• Mustard oil. It has antihistamine properties. Take a dollop of mustard and heat it up in a kitchen pan with a little water. When the solution is thin enough to be sucked into an eye dropper, transfer a small amount into one of your nostrils. Breathe it in deep. Because mustard has such a strong scent, it can take a few seconds to recover from the initial blast.
    • Turmeric. This herb has long been valued by Indian culture for both its culinary and medicinal properties. Soak a small amount of Turmeric powder in pure linseed oil, which can be purchased at most health food stores. Hold the linseed-oil-laced Turmeric over a heat source until it begins smoldering. Gently inhale some of the smoke.
  7. Image titled Get Your Nose to Stop Running With Allergies Step 7
    Humidify your air. Buy an air humidifier or two. There are several kinds to choose from.[8] Although it seems counter-intuitive, allergies tend to inhibit the body processes that keep the nasal passages moist. When you first come into contact with your allergic trigger, the body produces chemicals called histamines that cause the mucus membranes to swell and dry up. And then, when more air-born particles enter this dry environment—often the same particles such as pollen that triggered the allergic reaction in the first place—the body starts up the runny nose in an effort to expel them and reestablish the system’s equilibrium. Humidifiers distribute moisture into the air which helps keep nasal passages moist.
    • The ideal humidity in your house should be between 30 and 50 percent. Any lower and it will be too dry for your nose. Any higher and your room will seem stuffy. It could also breed mold and bacteria.[9]
    • Most humidifiers are not powerful enough to treat your entire house. Place them in the room or rooms where you spend the most time in order to have the greatest effect. When you exit the humidified environment, however, your mucus membranes will start to dry up again.

Method 2
Preventing Future Runny Noses

  1. Image titled Get Your Nose to Stop Running With Allergies Step 8
    Find out what you are allergic to. A doctor can run an allergy test, which will help narrow down and even pinpoint exactly what allergen you are suffering from. Sometimes, they come back inconclusive or will indicate several allergies. The more information you can gather about your allergy, the better. Once you have a general idea of what causes your runny nose, you can start avoiding exposure to those allergens.[10]
  2. Image titled Get Your Nose to Stop Running With Allergies Step 9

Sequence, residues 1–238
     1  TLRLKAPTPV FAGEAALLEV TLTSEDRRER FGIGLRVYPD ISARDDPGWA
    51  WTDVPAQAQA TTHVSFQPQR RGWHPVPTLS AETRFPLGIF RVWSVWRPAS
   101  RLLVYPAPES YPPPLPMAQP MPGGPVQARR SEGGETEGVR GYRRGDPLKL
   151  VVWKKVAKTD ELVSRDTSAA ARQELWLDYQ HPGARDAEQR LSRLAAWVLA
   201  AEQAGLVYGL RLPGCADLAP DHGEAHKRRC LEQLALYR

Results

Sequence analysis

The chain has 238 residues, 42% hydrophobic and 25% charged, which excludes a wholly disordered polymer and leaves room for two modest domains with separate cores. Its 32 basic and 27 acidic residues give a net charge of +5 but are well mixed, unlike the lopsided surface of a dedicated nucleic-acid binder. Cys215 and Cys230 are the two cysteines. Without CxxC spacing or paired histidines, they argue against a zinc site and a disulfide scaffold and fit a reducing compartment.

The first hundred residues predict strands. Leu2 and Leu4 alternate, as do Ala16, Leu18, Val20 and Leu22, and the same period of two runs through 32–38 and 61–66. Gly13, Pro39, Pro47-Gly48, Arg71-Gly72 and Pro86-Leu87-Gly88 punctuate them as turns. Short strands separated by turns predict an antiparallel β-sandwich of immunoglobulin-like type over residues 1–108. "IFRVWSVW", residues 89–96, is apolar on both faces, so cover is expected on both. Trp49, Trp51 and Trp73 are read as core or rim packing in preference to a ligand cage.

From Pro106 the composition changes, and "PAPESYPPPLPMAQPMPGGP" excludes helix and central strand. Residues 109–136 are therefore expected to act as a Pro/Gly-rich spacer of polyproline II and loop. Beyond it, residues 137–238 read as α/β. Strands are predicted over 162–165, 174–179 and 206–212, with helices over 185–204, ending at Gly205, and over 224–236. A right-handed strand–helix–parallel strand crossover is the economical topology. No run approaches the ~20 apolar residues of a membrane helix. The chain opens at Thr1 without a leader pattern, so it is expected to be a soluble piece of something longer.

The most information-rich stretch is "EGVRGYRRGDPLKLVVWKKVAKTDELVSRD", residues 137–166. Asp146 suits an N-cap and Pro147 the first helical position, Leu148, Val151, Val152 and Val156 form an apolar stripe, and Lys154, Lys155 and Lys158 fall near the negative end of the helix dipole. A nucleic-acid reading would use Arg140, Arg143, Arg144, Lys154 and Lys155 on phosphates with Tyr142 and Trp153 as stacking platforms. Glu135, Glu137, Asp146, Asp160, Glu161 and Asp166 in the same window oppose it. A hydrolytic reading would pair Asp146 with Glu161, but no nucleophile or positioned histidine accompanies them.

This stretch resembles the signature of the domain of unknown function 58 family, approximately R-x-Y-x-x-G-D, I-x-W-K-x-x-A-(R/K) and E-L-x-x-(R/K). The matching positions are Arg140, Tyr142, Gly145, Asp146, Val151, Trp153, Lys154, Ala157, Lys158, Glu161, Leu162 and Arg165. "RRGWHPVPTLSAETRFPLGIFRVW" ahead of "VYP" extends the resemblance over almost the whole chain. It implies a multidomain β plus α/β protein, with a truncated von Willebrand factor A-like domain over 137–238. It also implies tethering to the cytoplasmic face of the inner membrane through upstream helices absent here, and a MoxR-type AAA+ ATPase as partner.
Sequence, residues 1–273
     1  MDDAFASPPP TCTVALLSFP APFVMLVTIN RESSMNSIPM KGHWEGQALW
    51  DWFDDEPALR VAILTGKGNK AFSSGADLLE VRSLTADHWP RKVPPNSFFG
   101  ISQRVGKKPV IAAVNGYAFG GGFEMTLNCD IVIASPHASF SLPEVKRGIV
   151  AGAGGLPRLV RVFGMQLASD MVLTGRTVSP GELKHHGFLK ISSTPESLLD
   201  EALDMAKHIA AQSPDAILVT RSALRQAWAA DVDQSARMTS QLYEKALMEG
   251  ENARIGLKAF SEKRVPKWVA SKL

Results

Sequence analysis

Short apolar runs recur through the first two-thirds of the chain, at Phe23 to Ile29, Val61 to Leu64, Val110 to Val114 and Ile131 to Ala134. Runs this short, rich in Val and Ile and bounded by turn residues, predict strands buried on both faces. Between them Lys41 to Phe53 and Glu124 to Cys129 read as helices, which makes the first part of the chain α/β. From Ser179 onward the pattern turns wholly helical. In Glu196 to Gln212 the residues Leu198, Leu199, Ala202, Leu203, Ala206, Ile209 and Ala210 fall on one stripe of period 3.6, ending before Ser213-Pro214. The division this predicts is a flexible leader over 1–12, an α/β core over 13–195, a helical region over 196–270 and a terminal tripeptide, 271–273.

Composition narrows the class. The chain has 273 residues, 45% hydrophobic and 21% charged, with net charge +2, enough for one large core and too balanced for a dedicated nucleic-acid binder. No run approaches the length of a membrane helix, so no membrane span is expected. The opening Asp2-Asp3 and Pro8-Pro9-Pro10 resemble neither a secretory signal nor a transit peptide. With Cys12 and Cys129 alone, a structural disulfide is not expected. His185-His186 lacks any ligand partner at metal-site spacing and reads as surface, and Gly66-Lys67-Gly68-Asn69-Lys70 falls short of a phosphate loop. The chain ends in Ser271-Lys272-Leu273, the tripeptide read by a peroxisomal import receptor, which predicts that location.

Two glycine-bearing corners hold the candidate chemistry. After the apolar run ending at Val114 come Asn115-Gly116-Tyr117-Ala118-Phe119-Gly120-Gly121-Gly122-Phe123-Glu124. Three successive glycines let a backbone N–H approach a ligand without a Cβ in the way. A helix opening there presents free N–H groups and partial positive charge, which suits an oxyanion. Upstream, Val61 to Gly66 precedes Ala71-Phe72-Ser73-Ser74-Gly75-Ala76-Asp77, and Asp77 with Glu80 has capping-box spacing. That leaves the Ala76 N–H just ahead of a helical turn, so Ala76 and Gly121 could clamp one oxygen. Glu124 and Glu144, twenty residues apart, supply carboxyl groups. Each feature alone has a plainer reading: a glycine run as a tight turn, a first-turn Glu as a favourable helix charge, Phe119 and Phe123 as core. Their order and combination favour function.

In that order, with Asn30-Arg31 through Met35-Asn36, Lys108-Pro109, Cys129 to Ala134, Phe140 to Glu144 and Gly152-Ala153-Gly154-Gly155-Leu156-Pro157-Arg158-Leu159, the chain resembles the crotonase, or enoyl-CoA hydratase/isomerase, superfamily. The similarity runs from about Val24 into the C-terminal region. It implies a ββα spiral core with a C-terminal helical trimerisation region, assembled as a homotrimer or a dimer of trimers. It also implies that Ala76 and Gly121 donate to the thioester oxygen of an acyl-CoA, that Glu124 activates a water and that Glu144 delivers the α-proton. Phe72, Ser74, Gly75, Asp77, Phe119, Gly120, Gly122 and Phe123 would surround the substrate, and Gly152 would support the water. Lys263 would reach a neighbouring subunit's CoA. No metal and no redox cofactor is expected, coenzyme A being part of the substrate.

Avoid triggers. Environmental irritants and allergens like pollen, pet dander and hair, dust, and cigarette smoke can all dry out nasal passages and start the runny nose cycle. Use an air purifier in your home to remove these irritants from the air, but recognize that it is virtually impossible to avoid all triggers unless you seal yourself inside an air-tight container.
    • One of the most common airborne allergens in the United States is ragweed pollen, and there are over 17 varieties. Although it is almost impossible to avoid exposure to ragweed completely, you can learn where high concentrations are likely to be located in your local environment. Avoid these locations as best you can.[11]
    • Avoid going outside during peak times, such as early morning, and close your windows when pollen counts are high.
    • Reduce dust mites in your home by minimizing the presence carpeting, blankets, and stuffed animals. Use dust mite covers for mattresses and pillows.
  3. Image titled Get Your Nose to Stop Running With Allergies Step 10
    Cover your face. This is probably the most extreme way to protect yourself from the allergens that produce a runny nose. If the particles can’t get into your body, they can’t cause a runny nose. If you go outside during allergy season, wear a scarf over your nose and mouth. A protective face mask can do an even a better job.
  4. Image titled Get Your Nose to Stop Running With Allergies Step 11
    Wash your hands frequently. This will prevent allergens from spreading. Use soap and water. Any soap will work because you are only trying to remove allergens, not kill bacteria. Scrub your hands for at least 20 seconds. Rinse and dry your hands on a clean towel.[12]
  5. Image titled Get Your Nose to Stop Running With Allergies Step 12
    Wash your face after coming into contact with allergens. If you are allergic to pet dander, wash your face after petting a dog. If you are allergic to pollen, then wash your face when you come indoors after being outdoors for a while. This will help reduce your exposure to allergens.[13]

Article Info

Categories: Allergies and Immunization